In the US in particular the participation rate has fallen steeply since 2008-09, a result of the skills of people who became redundant no longer being in demand and the industries in which they worked being drastically reduced. This means the proportion of people out of the labour force for more than a year has risen relative to the rate of unemployment. While participation is so low, the pent-up supply of labour can respond to an uptick in employment and undermine the wage demands of those already working.
Perversely, this might arguably have already happened and been responsible for holding down euro area wages. Average regular pay in the UK, for example, may have risen marginally in recent weeks, but is still below the pre-crisis peak of GBP 473 per week in March 2008.
When the Phillips Curve was being developed in the late-1950s labour markets were overwhelmingly domestic, but in recent decades developed market economies have had access to a much broader global labour supply. Globalisation has allowed corporates to source cheap labour from around the world, enabling companies to increase profit margins through efficiency savings.
Crucially, the multi-decade bull market in bonds has been a by-product of globalisation, with the rise of the global labour force playing a key role in creating a disinflationary environment leading to falling neutral real interest rates, tumbling labour costs and lower bond yields. Clearly, workers in emerging economies have benefited from this trend—in China alone millions of people have been lifted out of poverty, with China’s per capita income increasing fivefold from $200 to $1,000 between 1990 and 2000, and again from $1,000 to $5,000 between 2000 and 2010.
There is no doubt that technology and innovation is improving people’s lives. Whether it is making everyday tasks simpler and quicker, freeing up more time for us to spend with our friends and family, or improving healthcare, the benefits are clear. We can order goods and services from wearable devices, the sun and wind are increasingly powering our planet, and the world has never been better connected. But with technology comes an increasing fear that ‘automation’ is already having a negative impact on jobs as robots take paid employment from people. These fears are not unfounded. Research conducted by Deloitte and think-tank Reform in October 2016 predicted that 861,000 UK public sector jobs could be lost by 2030 through automation, which would save GBP 17 billion annually in public sector wages compared to 2015. In September 2013, a study by Carl Benedikt Frey and Michael A. Osborne for the University of Oxford looked at 702 occupations in the US and used a unique methodology to work out which jobs would be most at threat from ‘computerisation’.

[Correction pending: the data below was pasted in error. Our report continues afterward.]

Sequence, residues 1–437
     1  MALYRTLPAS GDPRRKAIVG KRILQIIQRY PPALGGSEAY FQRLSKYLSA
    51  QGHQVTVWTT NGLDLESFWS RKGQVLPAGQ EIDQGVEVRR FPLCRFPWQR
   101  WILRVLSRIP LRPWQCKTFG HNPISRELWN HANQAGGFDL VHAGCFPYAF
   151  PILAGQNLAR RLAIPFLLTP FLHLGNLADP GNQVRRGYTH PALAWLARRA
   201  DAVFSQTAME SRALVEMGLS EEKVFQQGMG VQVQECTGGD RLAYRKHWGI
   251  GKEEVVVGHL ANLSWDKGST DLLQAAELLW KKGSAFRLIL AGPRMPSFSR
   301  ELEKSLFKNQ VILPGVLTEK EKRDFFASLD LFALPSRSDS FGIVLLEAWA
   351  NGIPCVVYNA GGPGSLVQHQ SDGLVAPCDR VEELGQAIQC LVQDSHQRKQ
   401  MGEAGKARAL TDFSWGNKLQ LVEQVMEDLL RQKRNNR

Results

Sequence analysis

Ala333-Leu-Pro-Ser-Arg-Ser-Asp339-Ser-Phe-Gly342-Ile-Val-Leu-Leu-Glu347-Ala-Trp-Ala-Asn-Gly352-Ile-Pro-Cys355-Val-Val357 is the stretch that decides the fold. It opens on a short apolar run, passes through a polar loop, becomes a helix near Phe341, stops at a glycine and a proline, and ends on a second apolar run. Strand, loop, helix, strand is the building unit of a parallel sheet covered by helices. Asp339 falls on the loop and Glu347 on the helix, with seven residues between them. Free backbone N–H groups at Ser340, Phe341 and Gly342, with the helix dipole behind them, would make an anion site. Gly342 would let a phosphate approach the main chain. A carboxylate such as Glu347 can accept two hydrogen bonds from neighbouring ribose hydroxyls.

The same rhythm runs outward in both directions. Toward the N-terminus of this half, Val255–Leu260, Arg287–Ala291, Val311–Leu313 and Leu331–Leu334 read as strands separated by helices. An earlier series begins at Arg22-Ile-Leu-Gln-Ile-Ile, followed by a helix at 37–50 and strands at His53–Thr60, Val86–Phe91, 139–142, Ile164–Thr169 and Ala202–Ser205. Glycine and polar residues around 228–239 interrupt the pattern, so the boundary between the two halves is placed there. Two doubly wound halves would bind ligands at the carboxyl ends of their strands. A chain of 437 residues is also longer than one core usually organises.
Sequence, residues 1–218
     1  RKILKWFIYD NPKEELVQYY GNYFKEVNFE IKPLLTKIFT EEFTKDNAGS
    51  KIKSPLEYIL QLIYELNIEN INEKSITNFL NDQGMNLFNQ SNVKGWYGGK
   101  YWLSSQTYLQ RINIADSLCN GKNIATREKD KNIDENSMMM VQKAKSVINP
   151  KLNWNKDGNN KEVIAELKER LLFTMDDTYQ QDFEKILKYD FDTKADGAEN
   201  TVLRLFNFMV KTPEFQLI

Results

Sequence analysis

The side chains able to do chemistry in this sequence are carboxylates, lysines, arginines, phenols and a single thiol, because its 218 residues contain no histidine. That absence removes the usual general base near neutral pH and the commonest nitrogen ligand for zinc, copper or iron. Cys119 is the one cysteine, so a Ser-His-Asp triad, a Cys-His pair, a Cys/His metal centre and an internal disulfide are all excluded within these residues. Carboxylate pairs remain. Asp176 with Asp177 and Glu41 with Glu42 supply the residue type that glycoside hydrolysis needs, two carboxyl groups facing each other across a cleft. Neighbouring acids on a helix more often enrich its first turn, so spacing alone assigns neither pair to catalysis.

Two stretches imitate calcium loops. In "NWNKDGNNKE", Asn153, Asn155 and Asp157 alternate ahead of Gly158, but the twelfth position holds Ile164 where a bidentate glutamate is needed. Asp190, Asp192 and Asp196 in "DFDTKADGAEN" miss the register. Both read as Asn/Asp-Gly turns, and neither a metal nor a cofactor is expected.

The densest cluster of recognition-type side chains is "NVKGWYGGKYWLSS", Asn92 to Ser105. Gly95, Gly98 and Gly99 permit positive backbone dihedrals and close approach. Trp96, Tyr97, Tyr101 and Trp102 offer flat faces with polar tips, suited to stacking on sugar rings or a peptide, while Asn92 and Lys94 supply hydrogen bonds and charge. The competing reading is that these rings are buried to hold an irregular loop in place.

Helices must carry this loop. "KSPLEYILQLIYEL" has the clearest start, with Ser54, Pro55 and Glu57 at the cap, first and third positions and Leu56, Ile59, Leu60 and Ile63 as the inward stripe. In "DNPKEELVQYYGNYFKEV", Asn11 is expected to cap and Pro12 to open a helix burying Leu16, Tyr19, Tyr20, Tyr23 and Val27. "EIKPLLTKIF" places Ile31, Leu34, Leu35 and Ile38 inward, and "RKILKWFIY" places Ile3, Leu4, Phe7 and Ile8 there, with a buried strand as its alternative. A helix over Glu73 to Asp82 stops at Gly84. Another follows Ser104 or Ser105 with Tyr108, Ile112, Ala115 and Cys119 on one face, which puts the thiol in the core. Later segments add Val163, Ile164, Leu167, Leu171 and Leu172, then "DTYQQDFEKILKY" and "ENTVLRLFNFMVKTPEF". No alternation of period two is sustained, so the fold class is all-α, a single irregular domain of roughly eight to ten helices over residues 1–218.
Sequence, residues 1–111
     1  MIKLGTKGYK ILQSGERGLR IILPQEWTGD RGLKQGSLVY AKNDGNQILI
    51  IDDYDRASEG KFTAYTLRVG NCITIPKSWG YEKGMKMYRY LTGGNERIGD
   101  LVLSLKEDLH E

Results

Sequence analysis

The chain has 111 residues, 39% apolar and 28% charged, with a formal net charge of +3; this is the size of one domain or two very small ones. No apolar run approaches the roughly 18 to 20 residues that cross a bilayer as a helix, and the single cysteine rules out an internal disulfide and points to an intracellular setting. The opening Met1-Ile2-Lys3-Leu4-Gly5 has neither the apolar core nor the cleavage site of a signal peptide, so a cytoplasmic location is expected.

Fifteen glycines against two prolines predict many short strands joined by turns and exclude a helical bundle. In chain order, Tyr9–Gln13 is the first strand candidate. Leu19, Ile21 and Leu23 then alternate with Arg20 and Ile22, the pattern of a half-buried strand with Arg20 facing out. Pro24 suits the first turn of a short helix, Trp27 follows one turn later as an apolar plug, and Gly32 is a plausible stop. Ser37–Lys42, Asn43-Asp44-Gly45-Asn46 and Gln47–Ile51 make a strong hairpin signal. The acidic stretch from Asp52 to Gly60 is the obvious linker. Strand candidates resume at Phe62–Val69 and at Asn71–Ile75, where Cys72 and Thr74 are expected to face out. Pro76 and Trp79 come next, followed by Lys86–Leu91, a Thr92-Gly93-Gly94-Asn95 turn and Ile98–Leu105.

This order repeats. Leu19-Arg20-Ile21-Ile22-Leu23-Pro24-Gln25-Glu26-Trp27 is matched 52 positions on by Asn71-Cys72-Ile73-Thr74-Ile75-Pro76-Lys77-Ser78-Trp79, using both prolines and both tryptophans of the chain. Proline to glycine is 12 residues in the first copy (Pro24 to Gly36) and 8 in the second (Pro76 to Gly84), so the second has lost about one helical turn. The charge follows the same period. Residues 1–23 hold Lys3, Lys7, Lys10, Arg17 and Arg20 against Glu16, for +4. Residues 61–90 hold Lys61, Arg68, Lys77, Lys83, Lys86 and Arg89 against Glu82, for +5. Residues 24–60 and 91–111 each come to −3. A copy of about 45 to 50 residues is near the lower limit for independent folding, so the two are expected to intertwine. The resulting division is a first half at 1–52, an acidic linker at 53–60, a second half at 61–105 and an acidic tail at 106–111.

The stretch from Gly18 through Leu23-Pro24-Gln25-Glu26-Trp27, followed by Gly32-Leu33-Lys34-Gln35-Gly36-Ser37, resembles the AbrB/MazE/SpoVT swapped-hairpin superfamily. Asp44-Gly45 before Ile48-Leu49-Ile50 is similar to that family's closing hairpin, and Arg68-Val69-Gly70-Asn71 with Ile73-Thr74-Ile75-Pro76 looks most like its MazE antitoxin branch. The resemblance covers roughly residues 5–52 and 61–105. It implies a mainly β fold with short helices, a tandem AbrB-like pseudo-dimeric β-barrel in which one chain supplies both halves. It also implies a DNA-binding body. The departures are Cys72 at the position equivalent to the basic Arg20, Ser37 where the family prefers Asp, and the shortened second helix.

The authors found that 47 per cent of total US employment is under threat, with the most at-risk occupations being telemarketers, insurance underwriters, watch repairers, library technicians, loan officers and credit analysts. Thus far, automation has arguably increased employment, as the amount of activity that automation generates is enough to create net positive jobs growth, but it hasn’t thus far generated productivity or wage growth.
Why? In order to meet labour demand, the ‘robot army’ workforce is merely being added to the existing pent-up labour supply, which means corporates are not currently having to concede wage growth. This may change, but not in the short term. Also, productivity, while slow in general, has increased mainly in areas that are not employment intensive, such as technology and information, which have been the real productivity winners. By contrast, areas that require larger numbers of employees, such as personal care, manufacturing, services, leisure and restaurants, have seen lower wage growth.
This has also created a way to disenfranchise labour—job creation in technology, for example, is rarely in the technology itself but in ‘gig economy’ roles and short-hours contracts. It is labour selling itself not by the hour or the week or month, but by the gig—and that is clearly less beneficial to labour and more beneficial to capital. This ultimately means wage growth is seen mainly at the top end, while the skills gap means that mobility from lower-paid jobs to higher-paid jobs is ever-widening. This may change over time as digital natives become a bigger part of the economy, but again this is unlikely in the short term.